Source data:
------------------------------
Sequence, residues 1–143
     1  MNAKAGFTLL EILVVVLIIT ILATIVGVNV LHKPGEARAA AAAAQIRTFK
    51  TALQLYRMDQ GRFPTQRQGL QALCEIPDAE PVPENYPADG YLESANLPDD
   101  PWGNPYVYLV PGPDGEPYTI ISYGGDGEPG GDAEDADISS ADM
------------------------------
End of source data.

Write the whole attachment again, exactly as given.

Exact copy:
Sequence, residues 1–143
     1  MNAKAGFTLL EILVVVLIIT ILATIVGVNV LHKPGEARAA AAAAQIRTFK
    51  TALQLYRMDQ GRFPTQRQGL QALCEIPDAE PVPENYPADG YLESANLPDD
   101  PWGNPYVYLV PGPDGEPYTI ISYGGDGEPG GDAEDADISS ADM